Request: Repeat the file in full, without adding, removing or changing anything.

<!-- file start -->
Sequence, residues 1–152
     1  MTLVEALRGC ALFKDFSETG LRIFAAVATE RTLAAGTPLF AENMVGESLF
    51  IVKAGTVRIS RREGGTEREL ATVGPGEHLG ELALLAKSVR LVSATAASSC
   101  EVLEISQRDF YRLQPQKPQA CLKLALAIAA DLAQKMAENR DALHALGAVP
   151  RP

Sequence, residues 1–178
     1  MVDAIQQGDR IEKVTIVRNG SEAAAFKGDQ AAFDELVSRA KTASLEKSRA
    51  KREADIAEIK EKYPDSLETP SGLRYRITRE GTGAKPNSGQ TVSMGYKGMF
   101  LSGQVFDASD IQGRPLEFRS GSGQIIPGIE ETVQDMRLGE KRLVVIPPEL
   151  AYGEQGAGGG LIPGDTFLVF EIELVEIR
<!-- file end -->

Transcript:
Sequence, residues 1–152
     1  MTLVEALRGC ALFKDFSETG LRIFAAVATE RTLAAGTPLF AENMVGESLF
    51  IVKAGTVRIS RREGGTEREL ATVGPGEHLG ELALLAKSVR LVSATAASSC
   101  EVLEISQRDF YRLQPQKPQA CLKLALAIAA DLAQKMAENR DALHALGAVP
   151  RP

Sequence, residues 1–178
     1  MVDAIQQGDR IEKVTIVRNG SEAAAFKGDQ AAFDELVSRA KTASLEKSRA
    51  KREADIAEIK EKYPDSLETP SGLRYRITRE GTGAKPNSGQ TVSMGYKGMF
   101  LSGQVFDASD IQGRPLEFRS GSGQIIPGIE ETVQDMRLGE KRLVVIPPEL
   151  AYGEQGAGGG LIPGDTFLVF EIELVEIR